In Between

January 4-27, 2024

Opening Reception on Friday, January 5th; 5p-8p

Artist talks: TBA

All artworks are for sale in person or online. See the online gallery to purchase through the Bells Gallery website.

In Between is a group exhibition of monochromatic black-and-white artworks by artists Ryan Akers, Pinky Bass, Aaron Sanders Head, Anne Herbert, Hayley Meyers, and Kim Whaley on view at Bells Gallery on January 4-27, 2024. From fiber to photography and works on paper to canvas, In Between asks the viewer to enjoy the richness and simplicity of black and white while discovering the depth and diversity within its confines.

Curatorial Statement – Holly Roberts Meyers, “In a world often defined by stark dichotomies, I am drawn to the nuances and flexibility found between the starkness of black and white. I find that space, the gray or the middle, to be a reflective, ethereal place where ideologies become soft, abstract, or even fluid.”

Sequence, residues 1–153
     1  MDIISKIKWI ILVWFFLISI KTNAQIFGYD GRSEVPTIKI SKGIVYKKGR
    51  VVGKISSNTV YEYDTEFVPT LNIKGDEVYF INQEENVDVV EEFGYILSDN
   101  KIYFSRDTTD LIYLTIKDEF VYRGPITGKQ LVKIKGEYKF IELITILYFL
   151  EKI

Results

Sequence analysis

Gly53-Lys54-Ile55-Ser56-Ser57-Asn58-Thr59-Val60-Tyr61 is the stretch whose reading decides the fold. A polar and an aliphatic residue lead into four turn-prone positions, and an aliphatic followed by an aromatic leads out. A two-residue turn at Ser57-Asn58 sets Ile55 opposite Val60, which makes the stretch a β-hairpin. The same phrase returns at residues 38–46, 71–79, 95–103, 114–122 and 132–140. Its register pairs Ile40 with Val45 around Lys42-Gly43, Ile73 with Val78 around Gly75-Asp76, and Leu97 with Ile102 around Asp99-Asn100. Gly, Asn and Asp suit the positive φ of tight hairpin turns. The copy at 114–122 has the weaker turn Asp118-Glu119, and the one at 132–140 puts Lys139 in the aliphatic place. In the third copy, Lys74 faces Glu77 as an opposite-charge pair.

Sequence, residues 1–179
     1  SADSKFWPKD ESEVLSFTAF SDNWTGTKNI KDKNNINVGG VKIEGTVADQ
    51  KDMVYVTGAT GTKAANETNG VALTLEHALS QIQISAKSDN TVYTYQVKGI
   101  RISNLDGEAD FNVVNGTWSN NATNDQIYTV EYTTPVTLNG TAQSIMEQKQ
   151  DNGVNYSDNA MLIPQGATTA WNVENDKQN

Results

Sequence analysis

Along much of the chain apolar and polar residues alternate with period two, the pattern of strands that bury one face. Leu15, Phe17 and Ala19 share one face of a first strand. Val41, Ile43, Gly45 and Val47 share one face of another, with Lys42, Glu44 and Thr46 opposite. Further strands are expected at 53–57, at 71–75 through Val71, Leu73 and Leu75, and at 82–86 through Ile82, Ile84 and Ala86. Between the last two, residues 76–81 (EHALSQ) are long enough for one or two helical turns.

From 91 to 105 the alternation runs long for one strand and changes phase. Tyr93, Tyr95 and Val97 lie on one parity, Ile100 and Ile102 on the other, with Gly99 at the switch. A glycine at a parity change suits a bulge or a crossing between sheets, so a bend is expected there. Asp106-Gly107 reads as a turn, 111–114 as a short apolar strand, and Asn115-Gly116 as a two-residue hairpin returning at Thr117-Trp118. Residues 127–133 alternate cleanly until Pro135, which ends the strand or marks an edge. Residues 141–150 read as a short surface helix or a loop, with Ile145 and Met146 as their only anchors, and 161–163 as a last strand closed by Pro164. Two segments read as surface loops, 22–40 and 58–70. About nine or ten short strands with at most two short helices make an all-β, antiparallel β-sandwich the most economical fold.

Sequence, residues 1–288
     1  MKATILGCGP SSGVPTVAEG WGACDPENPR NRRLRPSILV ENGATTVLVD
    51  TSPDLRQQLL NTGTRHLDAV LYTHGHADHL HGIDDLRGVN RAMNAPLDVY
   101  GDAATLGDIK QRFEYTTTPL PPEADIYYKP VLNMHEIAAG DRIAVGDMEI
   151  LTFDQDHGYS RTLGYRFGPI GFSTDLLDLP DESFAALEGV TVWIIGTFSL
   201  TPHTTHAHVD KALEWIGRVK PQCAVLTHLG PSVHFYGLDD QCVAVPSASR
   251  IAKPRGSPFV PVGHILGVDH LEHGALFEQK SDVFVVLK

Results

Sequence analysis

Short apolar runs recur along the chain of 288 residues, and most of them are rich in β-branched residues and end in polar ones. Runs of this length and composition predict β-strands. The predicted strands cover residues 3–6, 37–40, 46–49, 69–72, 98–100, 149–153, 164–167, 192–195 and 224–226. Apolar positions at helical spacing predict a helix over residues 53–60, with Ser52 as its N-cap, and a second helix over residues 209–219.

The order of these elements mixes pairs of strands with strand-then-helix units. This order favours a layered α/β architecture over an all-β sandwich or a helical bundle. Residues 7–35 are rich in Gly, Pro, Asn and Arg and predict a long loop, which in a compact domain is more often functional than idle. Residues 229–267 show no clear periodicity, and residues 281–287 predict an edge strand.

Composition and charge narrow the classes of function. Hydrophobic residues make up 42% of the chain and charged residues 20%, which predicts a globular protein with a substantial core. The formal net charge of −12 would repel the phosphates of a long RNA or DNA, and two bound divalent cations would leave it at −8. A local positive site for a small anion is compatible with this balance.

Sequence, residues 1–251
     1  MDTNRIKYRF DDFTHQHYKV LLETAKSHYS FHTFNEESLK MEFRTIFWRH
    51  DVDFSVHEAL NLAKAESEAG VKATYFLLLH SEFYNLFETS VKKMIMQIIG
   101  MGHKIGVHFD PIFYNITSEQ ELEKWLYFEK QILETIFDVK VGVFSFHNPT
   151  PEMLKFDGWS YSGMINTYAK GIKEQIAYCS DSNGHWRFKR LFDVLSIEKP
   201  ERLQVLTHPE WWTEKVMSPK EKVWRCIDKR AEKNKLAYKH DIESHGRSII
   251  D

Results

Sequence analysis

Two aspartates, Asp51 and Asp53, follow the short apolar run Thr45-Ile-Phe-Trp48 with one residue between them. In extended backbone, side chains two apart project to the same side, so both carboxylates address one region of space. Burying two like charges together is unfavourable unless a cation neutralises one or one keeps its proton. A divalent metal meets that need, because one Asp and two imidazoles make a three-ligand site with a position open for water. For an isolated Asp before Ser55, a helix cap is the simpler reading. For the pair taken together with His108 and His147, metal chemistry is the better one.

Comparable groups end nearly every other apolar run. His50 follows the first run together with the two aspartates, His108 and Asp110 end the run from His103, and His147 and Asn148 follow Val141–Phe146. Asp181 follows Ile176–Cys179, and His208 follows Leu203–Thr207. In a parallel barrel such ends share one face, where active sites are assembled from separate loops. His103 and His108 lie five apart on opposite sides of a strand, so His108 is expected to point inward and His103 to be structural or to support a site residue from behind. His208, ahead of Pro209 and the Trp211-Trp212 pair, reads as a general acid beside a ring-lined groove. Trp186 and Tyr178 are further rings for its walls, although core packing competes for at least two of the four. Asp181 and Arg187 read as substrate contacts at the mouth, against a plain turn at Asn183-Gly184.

Ryan Akers

Pinky Bass

Returning to college for an MFA in painting and drawing at age 50, Bass discovered her true voice in photography through installation, mixed media, and performance figure prominently in her current work.

She has had over 40 one and two-person shows and participated in numerous group exhibitions throughout the US as well as in Mexico, Italy, Germany, Macedonia, and Canada.

Her work can be found in publications including The Polaroid Book, the Pinhole Journal, and Book of Alternative Photographic Processes. She is featured in Coat of Many Colors produced by Alabama Public Television.

Bass is a recipient of the Alabama State Arts Council Fellowship, an SAF/NEA Grant, and a Regional Artist Project Interdisciplinary Grant. She has had artist residencies in Oregon, California, New York, North Carolina, Mexico, Macedonia, and Italy.